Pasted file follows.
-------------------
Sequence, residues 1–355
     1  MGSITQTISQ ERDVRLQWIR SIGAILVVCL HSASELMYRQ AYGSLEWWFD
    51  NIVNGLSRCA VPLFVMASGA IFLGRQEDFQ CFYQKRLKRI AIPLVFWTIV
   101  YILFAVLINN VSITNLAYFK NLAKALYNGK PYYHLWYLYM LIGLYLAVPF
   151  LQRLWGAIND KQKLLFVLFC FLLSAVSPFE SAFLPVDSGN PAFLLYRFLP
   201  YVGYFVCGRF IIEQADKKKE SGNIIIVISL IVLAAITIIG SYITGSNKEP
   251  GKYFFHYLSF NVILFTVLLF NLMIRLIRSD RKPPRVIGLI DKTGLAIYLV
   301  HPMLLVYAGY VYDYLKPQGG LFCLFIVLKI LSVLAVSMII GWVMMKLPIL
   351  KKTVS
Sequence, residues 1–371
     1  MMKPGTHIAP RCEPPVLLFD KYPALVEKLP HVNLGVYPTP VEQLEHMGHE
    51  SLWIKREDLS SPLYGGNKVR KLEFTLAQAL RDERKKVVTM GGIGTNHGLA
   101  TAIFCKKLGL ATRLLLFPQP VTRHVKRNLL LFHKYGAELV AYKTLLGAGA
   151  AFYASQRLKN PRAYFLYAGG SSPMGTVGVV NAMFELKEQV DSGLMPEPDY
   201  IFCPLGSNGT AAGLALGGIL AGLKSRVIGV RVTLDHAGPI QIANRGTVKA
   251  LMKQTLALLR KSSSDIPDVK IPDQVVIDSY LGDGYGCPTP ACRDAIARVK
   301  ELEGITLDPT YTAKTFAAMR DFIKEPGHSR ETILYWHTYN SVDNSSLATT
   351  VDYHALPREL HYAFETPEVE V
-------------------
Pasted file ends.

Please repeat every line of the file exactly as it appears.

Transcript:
Sequence, residues 1–355
     1  MGSITQTISQ ERDVRLQWIR SIGAILVVCL HSASELMYRQ AYGSLEWWFD
    51  NIVNGLSRCA VPLFVMASGA IFLGRQEDFQ CFYQKRLKRI AIPLVFWTIV
   101  YILFAVLINN VSITNLAYFK NLAKALYNGK PYYHLWYLYM LIGLYLAVPF
   151  LQRLWGAIND KQKLLFVLFC FLLSAVSPFE SAFLPVDSGN PAFLLYRFLP
   201  YVGYFVCGRF IIEQADKKKE SGNIIIVISL IVLAAITIIG SYITGSNKEP
   251  GKYFFHYLSF NVILFTVLLF NLMIRLIRSD RKPPRVIGLI DKTGLAIYLV
   301  HPMLLVYAGY VYDYLKPQGG LFCLFIVLKI LSVLAVSMII GWVMMKLPIL
   351  KKTVS
Sequence, residues 1–371
     1  MMKPGTHIAP RCEPPVLLFD KYPALVEKLP HVNLGVYPTP VEQLEHMGHE
    51  SLWIKREDLS SPLYGGNKVR KLEFTLAQAL RDERKKVVTM GGIGTNHGLA
   101  TAIFCKKLGL ATRLLLFPQP VTRHVKRNLL LFHKYGAELV AYKTLLGAGA
   151  AFYASQRLKN PRAYFLYAGG SSPMGTVGVV NAMFELKEQV DSGLMPEPDY
   201  IFCPLGSNGT AAGLALGGIL AGLKSRVIGV RVTLDHAGPI QIANRGTVKA
   251  LMKQTLALLR KSSSDIPDVK IPDQVVIDSY LGDGYGCPTP ACRDAIARVK
   301  ELEGITLDPT YTAKTFAAMR DFIKEPGHSR ETILYWHTYN SVDNSSLATT
   351  VDYHALPREL HYAFETPEVE V